In the Soviet Union, Priests and Nuns Were Crucified, Boiled in Tar, and Drowned

In the Soviet Union, Priests and Nuns Were Crucified, Boiled in Tar, and Drowned

By Wyatt Redd
In the Soviet Union, Priests and Nuns Were Crucified, Boiled in Tar, and Drowned

Karl Marx, who is usually described as the founder of modern communism, once called religion the “opiate of the people.” In his mind, religion was a scheme created by the wealthy. Religion told the poor that their reward would come in the next life, instead of in this one, keeping them happy and obedient. So, if the communist utopia Mark imagined was ever going to become reality, organized religion would need to be eliminated. Later communist leaders were clear about the best way to do this: through political terror. And in the 20th century, many of the communist revolutionaries in Europe would take this terror to horrifying levels.

In 1917, Russia was ripe for revolution. For decades, resentment against the rule of the Tsars had been growing. And the staggering losses the country was suffering in the First World War only made the political situation worse. Around 2 million men had already fallen in the fighting, with almost nothing to show for it. By February, a wave of riots forced the Tsar to abdicate the throne. Many hoped this might bring an end to the fighting, but they were soon disappointed by the new provisional government, which declared that the war would continue.

This was a time when technology was creating the deadliest weapons in history. However, the Germans soon discovered that the most dangerous weapon of all was not a machine or a chemical, it was an idea. And on April 16th, Vladimir Lenin stepped onto a railway station platform in the city of Petrograd. He had been returned from years of exile by the Germans, who hoped that the revolutionary would help overthrow the new government. They had shipped him back to the country in a tightly sealed railway car, like a deadly bacterium they were afraid would infect the people of Germany if he was allowed to get loose.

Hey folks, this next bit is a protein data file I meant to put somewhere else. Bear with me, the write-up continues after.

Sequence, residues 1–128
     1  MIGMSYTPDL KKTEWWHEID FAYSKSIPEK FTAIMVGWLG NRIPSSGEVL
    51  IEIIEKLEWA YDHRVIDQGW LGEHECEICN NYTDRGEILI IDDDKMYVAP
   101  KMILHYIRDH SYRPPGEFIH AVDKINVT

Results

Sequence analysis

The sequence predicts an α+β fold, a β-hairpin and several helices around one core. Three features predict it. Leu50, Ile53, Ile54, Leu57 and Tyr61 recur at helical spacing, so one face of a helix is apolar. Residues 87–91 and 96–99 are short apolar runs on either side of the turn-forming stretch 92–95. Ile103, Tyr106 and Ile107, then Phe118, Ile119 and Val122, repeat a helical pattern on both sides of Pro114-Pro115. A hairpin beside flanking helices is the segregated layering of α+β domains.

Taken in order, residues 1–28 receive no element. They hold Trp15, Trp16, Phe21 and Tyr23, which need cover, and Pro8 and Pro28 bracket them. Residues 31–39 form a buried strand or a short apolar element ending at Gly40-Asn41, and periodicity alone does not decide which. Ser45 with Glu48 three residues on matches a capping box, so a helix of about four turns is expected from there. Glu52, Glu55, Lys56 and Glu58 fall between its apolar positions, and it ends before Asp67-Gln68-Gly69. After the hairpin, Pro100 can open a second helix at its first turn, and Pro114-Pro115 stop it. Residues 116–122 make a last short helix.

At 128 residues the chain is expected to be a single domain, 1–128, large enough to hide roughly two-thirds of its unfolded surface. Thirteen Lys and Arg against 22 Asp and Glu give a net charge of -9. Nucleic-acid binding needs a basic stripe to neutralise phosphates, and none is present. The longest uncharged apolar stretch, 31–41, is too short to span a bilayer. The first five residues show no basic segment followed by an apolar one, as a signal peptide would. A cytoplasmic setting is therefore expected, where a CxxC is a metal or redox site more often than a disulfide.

And once in Russia, he had the effect the Germans wanted. The Russian government was in a dangerous balance between the more traditional ruling classes of Russian society and socialist revolutionaries led by Lenin’s Bolshevik party. By October, the Bolsheviks launched an armed uprising that overthrew the provisional government and declared themselves to be the leaders of Russia. A peace treaty with Germany was quickly signed that gave up significant amounts of territory but ended Russia’s involvement in the First World War. However, the violence was far from over. And the Red Terror was about to truly begin.

A Soviet assembly in Petrograd in 1917. Wikimedia Commons.

Lenin believed that the fastest way to create a communist society was through violence and terror. And as the Civil War raged on, the Bolsheviks began targeting their political enemies for death on a huge scale. For the Bolsheviks, the goal was officially to create a new, classless society. That meant that people who were considered wealthy – in rural Russia a distinction that often meant simply owning your own farm- or symbols of the older class system, like priests, were suspect. Bolshevik leaders demanded these people be “re-educated” as good communists. Failing that, they needed to be eliminated.